Riding a motorcycle is a hobby that many Americans enjoy all across the nation, and Texans are no exception. Our great state has thousands of miles of roads that are great for riding on two wheels, especially if you enjoy great views and wide-open expanses. But whether you ride for pleasure or ride to commute, motorcycling does come with certain extra risks when compared to driving a car. That doesn’t mean that you shouldn’t ride, but it does mean that you should take extra care to educate yourself and practice good riding habits every time you hit the road.
Motorcycle Myths and Misconceptions
There are many misconceptions about riding a motorcycle, and these myths can get a rider into a lot of trouble—both leading to serious physical injury and potentially putting riders at legal risk after an accident. Here’s the truth behind five of the most common riding myths:
Myth 1: You do not need a motorcycle license.
It may sound obvious, but too many people think that you don’t need a license to ride. They couldn’t be more wrong. Riding unlicensed can get you into a lot of trouble, especially if you get in an accident—even if it’s not your fault. Getting a license also means taking an approved motorcycle safety course, which can help educate you about riding from day one.
Myth 2: Faster is better on a motorcycle.
There are some situations when a little extra throttle may get you out of a risky situation, but there are many times when it’s better to slow it down. Obey speed limits and be sure to lower your speed to match the environment you’re riding in, especially when you’re riding at dawn, dusk, at night, in the rain, or other low-visibility situations. By slowing down, you’ll be able to react faster in the event of a sudden hazard, such as an oblivious driver pulling out in front of you.
Myth 3: Just one drink is fine.
Never drink and ride, period. Motorcycling is a highly skilled activity that requires mental concentration, physical coordination, and good reflexes, all skills negatively affected by alcohol. The Insurance Institute for Highway Safety found that over one-quarter of all motorcycle fatalities nationwide involved alcohol at or over the legal limit in 2016, and almost half of all riders killed at night were at or above the legal limit. If you’ll be drinking plan on alternate means of transportation instead, such as a sober friend, a taxi, or a ridesharing service.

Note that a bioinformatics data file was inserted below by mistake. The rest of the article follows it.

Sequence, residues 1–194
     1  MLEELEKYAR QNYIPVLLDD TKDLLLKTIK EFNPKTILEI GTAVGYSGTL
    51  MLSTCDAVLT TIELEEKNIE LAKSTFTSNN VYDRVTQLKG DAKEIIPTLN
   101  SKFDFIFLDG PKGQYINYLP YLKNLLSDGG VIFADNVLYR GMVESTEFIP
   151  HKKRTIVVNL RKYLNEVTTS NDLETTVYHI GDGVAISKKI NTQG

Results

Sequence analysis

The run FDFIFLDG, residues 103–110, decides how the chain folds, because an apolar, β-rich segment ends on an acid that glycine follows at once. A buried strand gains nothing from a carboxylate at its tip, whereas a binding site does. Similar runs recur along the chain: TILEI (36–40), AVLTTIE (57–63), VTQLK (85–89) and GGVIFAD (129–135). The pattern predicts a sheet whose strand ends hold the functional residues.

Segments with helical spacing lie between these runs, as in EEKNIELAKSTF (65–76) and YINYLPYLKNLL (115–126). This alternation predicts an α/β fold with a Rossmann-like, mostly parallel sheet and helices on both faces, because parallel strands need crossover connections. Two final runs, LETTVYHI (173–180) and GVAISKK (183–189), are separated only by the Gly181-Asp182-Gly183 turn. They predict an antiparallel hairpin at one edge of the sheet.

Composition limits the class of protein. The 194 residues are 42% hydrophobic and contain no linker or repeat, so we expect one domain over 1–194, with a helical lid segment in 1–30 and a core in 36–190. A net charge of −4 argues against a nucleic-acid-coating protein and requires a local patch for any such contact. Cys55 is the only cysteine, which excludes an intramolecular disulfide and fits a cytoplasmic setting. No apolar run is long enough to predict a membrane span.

Myth 4: You do not need a helmet.
Choose to wear a helmet. While Texas law does not require all riders to wear a helmet, the fact is that helmets save lives: over half (53 percent) of all motorcyclists killed in Texas in 2016 weren’t wearing helmets at all. A full-face helmet that meets Snell or ECE 22.05 standards may offer the best protection, but any DOT-approved headgear can protect you, even if it’s just a half or three-quarters helmet.
Myth 5: Other safety gear is not important.
“All the Gear, All the Time” (ATGATT) is a phrase you should be familiar with by now, even if you are a new rider. Riding only in street clothes such as flip-flops, shorts, or t-shirts ensures that if you hit the pavement you will be leaving skin behind, and likely a lot more. Wearing gear specifically designed for riding such as boots, pants, and a jacket can cushion impacts, protect your feet and ankles, and help prevent or minimize severe road rash injuries.
Other Motorcycle Safety Advice
Motorcycle insurance is an absolute necessity. It is recommended that all riders choose an insurance policy that not only complies with state financial responsibility requirements, but also exceeds the basic required coverage. Consider adding uninsured and underinsured motorist coverage to your policy at a minimum, as an uninsured or underinsured driver can make your financial recovery challenging otherwise. Talk to your insurance agent or provider to find the right plan and coverage for your needs.
Finally, no matter how safe and prepared you are as a rider, remember that you can’t always account for the actions of other people. However, by taking responsibility for safety now, not only are you doing your best to protect yourself from injury if an accident does happen, after the crash it will be easier to show a jury that you take riding seriously and that the person who caused the crash is responsible for your injuries.
Get Legal Help After a Crash
If you or someone you love has been seriously hurt in a motorcycle accident, a personal injury attorney may be able to help you seek financial compensation from the person responsible for the crash. You could be eligible to receive money for your hospital bills, rehabilitation and physical therapy, future medical costs, lost wages and loss of future income, repair or replacement of your motorcycle, gear, and other property, your pain and suffering, and more.
For more information, contact an attorney at Wayne Wright LLP today by phone, email, or by clicking the live chat box on this page right now. We offer free, no-obligation consultations because we believe that victims have a right to justice in a court of law, and we are here to help you and your family start the recovery process today.